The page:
First Circuit Affirms School’s Punishment of Students for Online Social Media Posts

By Sophia Cope

The U.S. Court of Appeals for the First Circuit affirmed a public school’s punishment of students for speech posted on social media. It was unclear from the lower court proceedings whether the students had posted to social media while on campus or off campus. EFF had urged the court to draw a distinction between on- and off-campus social media speech, and to make clear that schools cannot reach into students’ private lives to punish them for speech that they utter outside of school, even if it’s online. Although the court declined to do that in light of a recent Supreme Court decision, the First Circuit’s ruling is limited to a narrow class of speech that schools have a heightened interest in policing: speech that infringes on the rights of others, such as “serious or severe bullying or harassment.”

The case, Doe v. Hopkinton Public Schools, involved a student, “Robert Roe,” who was bullied by teammates on his hockey team. The school punished a number of those teammates—and also the two plaintiffs in this case, students who made derogatory comments about Roe behind his back on the social media app Snapchat. The court found that the plaintiffs, by participating in the group chat about Roe, had “actively encouraged” other participants to directly bully Roe and so the plaintiffs’ comments constituted a violation of the Massachusetts state anti-bullying law.

Schools do, of course, have a significant interest in protecting their students from bullying and harassment by their peers. In a recent case, Mahanoy Area School District v. B.L., the Supreme Court held that schools have less leeway to police students’ speech when that speech occurs off campus, but that certain buckets of speech may warrant punishment no matter where it occurs:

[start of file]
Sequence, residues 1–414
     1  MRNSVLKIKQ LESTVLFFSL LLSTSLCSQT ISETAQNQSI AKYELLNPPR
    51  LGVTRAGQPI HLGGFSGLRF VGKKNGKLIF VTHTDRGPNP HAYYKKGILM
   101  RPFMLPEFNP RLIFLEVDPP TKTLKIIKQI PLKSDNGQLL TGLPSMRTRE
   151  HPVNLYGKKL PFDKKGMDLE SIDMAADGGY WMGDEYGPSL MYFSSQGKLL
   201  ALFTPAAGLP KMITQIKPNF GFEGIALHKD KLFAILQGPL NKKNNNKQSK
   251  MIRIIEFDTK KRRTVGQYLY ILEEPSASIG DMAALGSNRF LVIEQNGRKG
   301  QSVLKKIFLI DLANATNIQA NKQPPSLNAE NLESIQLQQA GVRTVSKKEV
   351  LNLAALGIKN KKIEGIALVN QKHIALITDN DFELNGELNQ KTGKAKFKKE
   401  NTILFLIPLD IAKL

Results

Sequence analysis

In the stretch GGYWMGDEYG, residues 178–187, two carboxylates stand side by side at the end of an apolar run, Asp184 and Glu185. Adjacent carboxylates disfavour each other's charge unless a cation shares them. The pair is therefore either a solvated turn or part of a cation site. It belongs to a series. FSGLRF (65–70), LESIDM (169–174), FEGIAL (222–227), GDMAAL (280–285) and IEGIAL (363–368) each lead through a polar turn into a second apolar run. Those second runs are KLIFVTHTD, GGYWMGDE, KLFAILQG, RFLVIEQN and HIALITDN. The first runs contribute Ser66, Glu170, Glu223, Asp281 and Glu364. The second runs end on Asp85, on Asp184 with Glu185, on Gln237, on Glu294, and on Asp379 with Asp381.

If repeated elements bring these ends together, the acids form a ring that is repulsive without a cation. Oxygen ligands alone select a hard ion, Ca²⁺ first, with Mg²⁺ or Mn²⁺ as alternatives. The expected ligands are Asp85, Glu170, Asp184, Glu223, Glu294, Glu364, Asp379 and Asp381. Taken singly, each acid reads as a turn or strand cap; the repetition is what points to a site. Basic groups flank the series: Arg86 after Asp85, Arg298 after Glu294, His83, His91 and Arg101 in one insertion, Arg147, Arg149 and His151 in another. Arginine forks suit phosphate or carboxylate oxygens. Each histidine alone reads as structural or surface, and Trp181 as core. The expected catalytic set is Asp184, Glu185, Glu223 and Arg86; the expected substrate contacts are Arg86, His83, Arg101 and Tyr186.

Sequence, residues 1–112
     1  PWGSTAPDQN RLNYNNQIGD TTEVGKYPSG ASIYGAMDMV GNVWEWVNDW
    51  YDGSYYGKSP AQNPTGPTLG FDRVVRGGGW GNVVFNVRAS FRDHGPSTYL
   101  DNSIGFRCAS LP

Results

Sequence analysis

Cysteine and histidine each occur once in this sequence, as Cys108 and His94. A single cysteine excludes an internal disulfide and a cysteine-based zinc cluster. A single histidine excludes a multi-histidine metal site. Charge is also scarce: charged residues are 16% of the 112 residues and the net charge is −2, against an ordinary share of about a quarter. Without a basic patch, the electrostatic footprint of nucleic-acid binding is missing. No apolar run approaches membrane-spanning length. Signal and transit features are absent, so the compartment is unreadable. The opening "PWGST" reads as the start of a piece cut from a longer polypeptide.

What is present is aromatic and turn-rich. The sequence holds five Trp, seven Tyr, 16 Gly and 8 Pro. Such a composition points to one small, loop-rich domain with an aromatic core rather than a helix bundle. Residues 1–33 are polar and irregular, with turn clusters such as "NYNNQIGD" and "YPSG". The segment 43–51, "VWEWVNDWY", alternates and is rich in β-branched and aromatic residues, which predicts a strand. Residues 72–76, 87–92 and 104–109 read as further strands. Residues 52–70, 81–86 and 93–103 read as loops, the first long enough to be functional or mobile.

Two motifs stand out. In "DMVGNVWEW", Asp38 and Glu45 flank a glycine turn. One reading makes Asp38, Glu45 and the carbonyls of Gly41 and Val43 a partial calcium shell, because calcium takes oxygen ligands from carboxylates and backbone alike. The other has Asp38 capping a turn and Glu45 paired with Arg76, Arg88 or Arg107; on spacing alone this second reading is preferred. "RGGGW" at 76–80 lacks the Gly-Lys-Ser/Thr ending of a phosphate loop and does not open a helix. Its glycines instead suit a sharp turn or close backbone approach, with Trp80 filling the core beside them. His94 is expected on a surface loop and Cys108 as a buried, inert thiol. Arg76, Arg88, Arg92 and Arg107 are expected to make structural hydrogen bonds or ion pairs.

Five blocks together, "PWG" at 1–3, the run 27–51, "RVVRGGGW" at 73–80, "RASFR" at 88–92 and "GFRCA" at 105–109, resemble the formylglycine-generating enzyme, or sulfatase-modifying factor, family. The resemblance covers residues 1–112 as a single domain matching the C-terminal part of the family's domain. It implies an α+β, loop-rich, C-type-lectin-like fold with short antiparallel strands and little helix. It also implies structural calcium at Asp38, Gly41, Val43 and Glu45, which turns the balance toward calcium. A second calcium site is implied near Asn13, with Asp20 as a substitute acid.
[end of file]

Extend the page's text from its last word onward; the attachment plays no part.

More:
• serious or severe bullying or harassment targeting particular individuals;
  • threats aimed at teachers or other students;
  • the failure to follow rules concerning lessons, the writing of papers, the use of computers, or participation in other online school activities; or
  • breaches of school security devices, including material maintained within school computers.

In light of Mahanoy and the important interest in preventing bullying, the First Circuit’s conclusion that Hopkinton Public Schools could punish students’ social media speech that contributed to bullying, even if some of the speech might have been posted while off campus, is not a surprise.

However, we are disappointed that the First Circuit did not take this opportunity to make explicit that schools cannot generally police the speech that students utter in their private lives outside of school, and that the exception for bullying is just that: a narrow and limited exception, per the Supreme Court in Mahanoy.

As to whether participating in a group chat or otherwise communicating with those who directly bully rises to the level of “active encouragement,” we are heartened that the court stated: “[T]here may be circumstances in which encouragement is so minimal or ambiguous, the chain of communication so attenuated, or knowledge of direct bullying so lacking, that a school’s punishment of certain speech would be unreasonable.”

We hope that the First Circuit and other courts will clarify that, while schools may punish students who engage in bullying or harassment wherever it occurs, students are generally free to speak freely after school and on weekends, in their private lives, without having to fear that their schools may reach in and punish them for expressing themselves.



Source: EFF.org

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